Are my Service Batteries any good?


Lithium Ion batteries have to have within them a sophisticated Battery Management System (BMS) which will tell you a lot of data, including number of cycles so you can gauge how long they might still live – usually at least 2000 cycles is a good life, but that figure is going up each year.

So, I’m talking about Valve Regulated Lead Acid (VRLA) batteries here – the generic term for all those big lumps of lead you’re hiding (usually) low down in your superyacht. That’s a lot of expensive weight to carry around if it’s worn out. But because they are expensive and awkward to replace, how do you know if you have good service life left in them, or whether they are an almost useless, heavy mass? On one superyacht the engineer didn’t even know where the service batteries were located it had been so long since they were tested!

There’s basically two methods I use to assess VRLA batteries condition; one is fast and easy, the second is slower but gives you valuable data.

  • 12V battery tester: A small, microprocessor based 12V battery tester can be obtained for a modest outlay and I find gives good repeatable readings on the Cold Cranking Amps (CCA) measurement of 12V automotive and SLI batteries I often find on superyachts. Make sure you can find out the manufacturer’s ‘as new’ CCA and what standard it is tested against (there are at least five: DIN, EN, IEC, SAE, CA). I use the Sealey product, see this link It’s amazing how evenly batteries in a bank wear. If the CCA is more than 20% lower than the manufacturer’s specified figure at normal room temperature, I recommend you replace the batteries soon. Obviously, this type of little tester is also very suitable to check your starter batteries.
  •  Actual discharge Ampere Hours measurement: For those large, 2V cell battery banks (as on the left in the photo), you cannot test them with method 1. There are all sorts of sophisticated set ups and special, costly equipment to measure the Ampere hours (AHr) of the whole bank, but I’ve found an easy and most reliable way to measure them is put them through an actual discharge test, as follows:-
    1. The whole battery bank must be fully charged first, so must be on the ‘float’ phase of the charge cycle (*)
    2. These are rough an ready calculations, but we want to discharge the bank over a period of 10-20 hours, meaning to take current out at the ‘C/10’ or ‘C/20’ rate, which is a relatively low rate. And we want to ensure that each cell does not drop below an equivalent of 11.0V for 12V battery, or 22V for a 24V battery i.e. does not drop below 1.83V for each 2V cell. So, say each 2V cell is nominally rated at 1200AHr (quite common, they are big and heavy at well over 60kg each), so C/10 is a 120A discharge and C/20 is a 60A discharge rate. Let’s say this is a 24V battery bank of two ‘strings’ of 2V cells in parallel (very common on superyachts, especially sailing superyachts which need extra battery power for sail controls at certain times). So, in fact the C/20 rate will be 60A per string, so 120A total from the two strings in parallel. For a 24V battery bank, that will represent a discharging power drain of – yes you guessed it! 24V x 120A = 2.88kW.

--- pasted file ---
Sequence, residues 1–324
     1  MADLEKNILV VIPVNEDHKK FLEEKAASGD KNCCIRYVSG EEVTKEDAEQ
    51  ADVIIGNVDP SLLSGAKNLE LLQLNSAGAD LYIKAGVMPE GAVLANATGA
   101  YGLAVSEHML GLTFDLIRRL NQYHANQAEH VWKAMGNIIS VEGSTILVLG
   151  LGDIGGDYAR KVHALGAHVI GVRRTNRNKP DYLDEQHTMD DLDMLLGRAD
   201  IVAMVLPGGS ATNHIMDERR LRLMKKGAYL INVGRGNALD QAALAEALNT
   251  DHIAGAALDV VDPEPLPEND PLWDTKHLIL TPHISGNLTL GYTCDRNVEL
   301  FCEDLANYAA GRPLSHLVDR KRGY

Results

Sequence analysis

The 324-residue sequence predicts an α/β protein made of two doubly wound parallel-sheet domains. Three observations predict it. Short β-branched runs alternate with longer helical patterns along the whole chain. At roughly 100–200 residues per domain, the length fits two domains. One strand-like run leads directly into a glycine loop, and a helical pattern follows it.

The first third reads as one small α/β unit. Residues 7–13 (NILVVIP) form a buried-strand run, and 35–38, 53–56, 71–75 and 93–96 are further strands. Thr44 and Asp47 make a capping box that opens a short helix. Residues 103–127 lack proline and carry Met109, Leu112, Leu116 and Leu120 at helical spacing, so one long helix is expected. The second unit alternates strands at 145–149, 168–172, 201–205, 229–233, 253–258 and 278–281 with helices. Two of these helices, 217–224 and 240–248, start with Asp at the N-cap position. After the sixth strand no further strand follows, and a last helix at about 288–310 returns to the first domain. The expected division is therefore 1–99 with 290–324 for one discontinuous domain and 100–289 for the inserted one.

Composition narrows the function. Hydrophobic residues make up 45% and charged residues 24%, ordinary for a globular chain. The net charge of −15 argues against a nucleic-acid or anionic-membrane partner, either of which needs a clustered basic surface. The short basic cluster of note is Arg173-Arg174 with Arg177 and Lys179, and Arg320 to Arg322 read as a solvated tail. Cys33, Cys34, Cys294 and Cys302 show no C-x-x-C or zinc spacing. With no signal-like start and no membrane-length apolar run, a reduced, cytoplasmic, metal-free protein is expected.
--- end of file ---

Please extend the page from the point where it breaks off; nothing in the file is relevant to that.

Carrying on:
3. Now we just need to find a load of around 3kW to take a nice easy, long slow but relatively constant drain out of the batteries. Hard? No! Almost every superyacht will have inverters on board which can deliver many kW of AC power to essential loads. We just need to plug a 2.5 – 3kW space heater on the AC power out of the inverter and there’s our nice 100+ Amps drain.
    4. This will take some organisations and agreement on boar, but make sure that heater (via the inverter) is almost the only power drain on the batteries and start to monitor and record the voltage and current every hour using a DC clamp meter on the single main DC feed from the battery bank. Start your clock with the start of discharging at that nice constant rate. Meanwhile, do something else! Make sure no other big loads can start (or stop) which will interfere with the following discharge current measurement steps.
    5. If you ensure you terminate the discharge close to that figure of 1.83V per cell then record the final elapsed time and current, then with your data points from each hour, you can  calculate the Ampere Hours, hour by hour, drawn from the battery, to the final 1.83V per cell termination point.
    6. Compare your calculated AHrs for the whole bank, with the nominal AHrs of the original ‘as new’ batteries – 2 x 1200Ahr = 2400AHr – and you have a pretty good idea of your service battery bank’s health. You may want to repeat this every year. Good, well looked-after service banks can last over 7 years, with little degradation.
    7. Note that after you terminate the C/10 or C/20 discharge, you should see the battery voltage recover somewhat back up to closer to 2V per cell. You should now fully recharge the battery bank to finish the process.
  • NB with both test method, if you conclude that you do need to change any of your service bank batteries it is strongly recommended that all batteries are replaced, like for like (or as similar as possible) at the same time.

[(*) For much more in-depth information and training on batteries and chargers, see module 4 of our course: Electrical Control Systems for superyacht engineers.]

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